While preparing some talks I’m giving on New Media, I was struck with a realization: the two fastest growing religious groups in our country are also the two with the strongest online presence–Mormonism and Atheism. I’ll save Atheism and its aggressive new media evangelism for another day, but right now I’ll focus on Mormonism.
A recent article in Mail Online highlights the digital success of the Mormon community (The Church of Jesus Christ of Latter-Day Saints):
“LDS.org is the most-visited website of any faith group, and LDS conferences often rank at the top of Twitter when they are underway. But perhaps most surprising is how the religion now dominates search terms on Google.
When searching ‘Old Testament’, the LDS website ranks second on the search engine giant – listed under a Wikipedia entry and linking to books in the Bible. The church also ranks third in the search for ‘friend’, below a Wikipedia entry and a dictionary.com explanation of its meaning; ‘church’ ranks fourth on the list after a list of churches in your local community.”
What’s the secret to their incredible success? The answer is something we touch on in the Church and New Media book. In the sidebar dedicated to Devin Rose, Devin explains how important it is for faithful Catholic websites to be high up in the Google results for search terms relevant to our faith. For example, if someone searches for “Catholic Church” we don’t want the first five articles to be written by anti-Catholic polemicists. Likewise if they search for “priests” we don’t want the first ten articles to be about the sexual abuse crisis.
The art of influencing these search result rankings is know as “SEO”–search engine optimization. There are plenty of guides and tips on how to improve your SEO around the Internet, and in fact it’s pretty big business in the online world. Corporations pay thousands of dollars to ensure their businesses will be near the top of search results.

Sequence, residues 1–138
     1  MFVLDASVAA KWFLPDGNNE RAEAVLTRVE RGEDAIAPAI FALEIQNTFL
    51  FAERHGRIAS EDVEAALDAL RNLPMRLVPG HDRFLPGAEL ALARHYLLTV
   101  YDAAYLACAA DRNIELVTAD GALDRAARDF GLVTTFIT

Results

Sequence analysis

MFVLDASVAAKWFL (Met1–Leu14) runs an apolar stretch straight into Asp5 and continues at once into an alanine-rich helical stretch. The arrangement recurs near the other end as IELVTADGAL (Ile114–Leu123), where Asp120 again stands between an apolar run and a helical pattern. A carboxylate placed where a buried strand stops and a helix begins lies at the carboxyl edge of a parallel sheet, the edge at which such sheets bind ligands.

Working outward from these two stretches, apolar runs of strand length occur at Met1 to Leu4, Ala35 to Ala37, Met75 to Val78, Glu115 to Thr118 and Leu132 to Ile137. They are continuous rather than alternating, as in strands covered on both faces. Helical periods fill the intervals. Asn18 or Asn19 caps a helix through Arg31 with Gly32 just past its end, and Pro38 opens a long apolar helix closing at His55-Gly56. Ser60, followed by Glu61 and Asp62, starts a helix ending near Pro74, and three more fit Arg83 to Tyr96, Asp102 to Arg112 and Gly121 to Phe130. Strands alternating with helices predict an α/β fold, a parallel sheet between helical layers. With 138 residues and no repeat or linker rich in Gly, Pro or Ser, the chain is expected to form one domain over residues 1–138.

In the religious world, however, SEO is often considered an unglamorous pursuit. But the Mormon community is single-handedly proving its power.
“LDS officials declined to comment on the church’s specific SEO plan. However, outside experts agree that the Mormons’ success is ‘a combination of investment, focus and an unusually tight faith community’, according to the Post.”
A major reason the Mormon community has attracted so many people through the Internet is simply because of its proximity and prevalence (the same holds true, by the way, for the atheist community.)
This should rattle us Catholics. The Catholic Church, the world’s largest and most influential offline religion, should not be satisfied with appearing low in search results. When someone searches digitally for “Jesus”, the Church should ideally be the first response, not the tenth or twentieth, just as she aims to be offline.
It’s clear that the Mormon community has devoted time, money, and–maybe most importantly–technological expertise to their online missionary efforts. It’s time we Catholics do the same. We need to take seriously the online mission field and equally invest in entrepreneurial evangelization.